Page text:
US starts extraordinary measures to avert debt default

Published January 19th, 2023 - 04:46 GMT
U.S. debt crisis
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ALBAWABA — The United States Treasury started extraordinary measures on Thursday to prevent the government defaulting on its debt, as Democrats and Republicans clash over raising the borrowing limit.

Treasury Secretary Janet Yellen had announced in a letter to Congress last week that the U.S. would reach the debt limit on Jan. 19 and that her agency would have to use two extraordinary measures for the initial phase of this debt standoff — stop investing for the Government Securities Investment Fund and delaying certain federal pension investments — at its disposal to continue to make payments on the debt and avoid defaulting.

Yellen’s maneuverers can help reduce the amount of outstanding debt subject to the limit, currently set at $31.4 trillion, but the Treasury warned that the tools would only help for some time.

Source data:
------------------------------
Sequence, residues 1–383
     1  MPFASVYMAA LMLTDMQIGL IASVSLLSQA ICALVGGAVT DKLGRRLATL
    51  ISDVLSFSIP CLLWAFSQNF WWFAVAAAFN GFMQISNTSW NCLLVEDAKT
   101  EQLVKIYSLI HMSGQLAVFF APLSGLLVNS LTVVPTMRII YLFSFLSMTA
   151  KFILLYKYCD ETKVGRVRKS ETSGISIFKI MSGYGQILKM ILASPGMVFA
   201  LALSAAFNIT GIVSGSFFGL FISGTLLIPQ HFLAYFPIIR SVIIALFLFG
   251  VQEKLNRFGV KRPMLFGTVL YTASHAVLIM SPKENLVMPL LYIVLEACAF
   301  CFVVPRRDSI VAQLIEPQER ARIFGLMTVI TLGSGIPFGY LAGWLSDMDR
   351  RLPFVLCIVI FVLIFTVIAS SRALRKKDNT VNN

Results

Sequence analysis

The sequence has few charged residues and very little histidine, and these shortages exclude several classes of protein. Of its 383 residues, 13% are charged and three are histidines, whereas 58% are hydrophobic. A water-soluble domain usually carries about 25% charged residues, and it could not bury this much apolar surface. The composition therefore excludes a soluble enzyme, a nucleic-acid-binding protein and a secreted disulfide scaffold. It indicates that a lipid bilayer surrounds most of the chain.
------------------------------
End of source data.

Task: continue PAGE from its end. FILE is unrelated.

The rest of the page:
"It is unlikely that cash and extraordinary measures will be exhausted before early June," Yellen said, but also stated that there was “considerable uncertainty” about how much room the measures will provide.

"I respectfully urge Congress to act promptly to protect the full faith and credit of the United States," said Yellen in a letter to Congressional leadership on Thursday.

With the federal government now on borrowed time to act on the debt, lawmakers will have to work with U.S. President Biden’s administration to raise or suspend the debt limit to avoid a default that could potentially destabilize global markets and devastate not only the U.S. economy, but also drag many other economies into deep recessions.

Brian Deese, director of the National Economic Council, issued numerous calls to Congress on Thursday to raise the debt limit in order to fulfill U.S. obligations and warned of the potential for "economic chaos" if Congress did not do so. 

“This is about economic stability versus economic chaos,” Deese told Kaitlan Collins on “CNN This Morning,” calling it Congress’ “basic, fundamental obligation”. 

“Even just the specter that the United States might not honor its obligations does damage to the economy,” Deese added.

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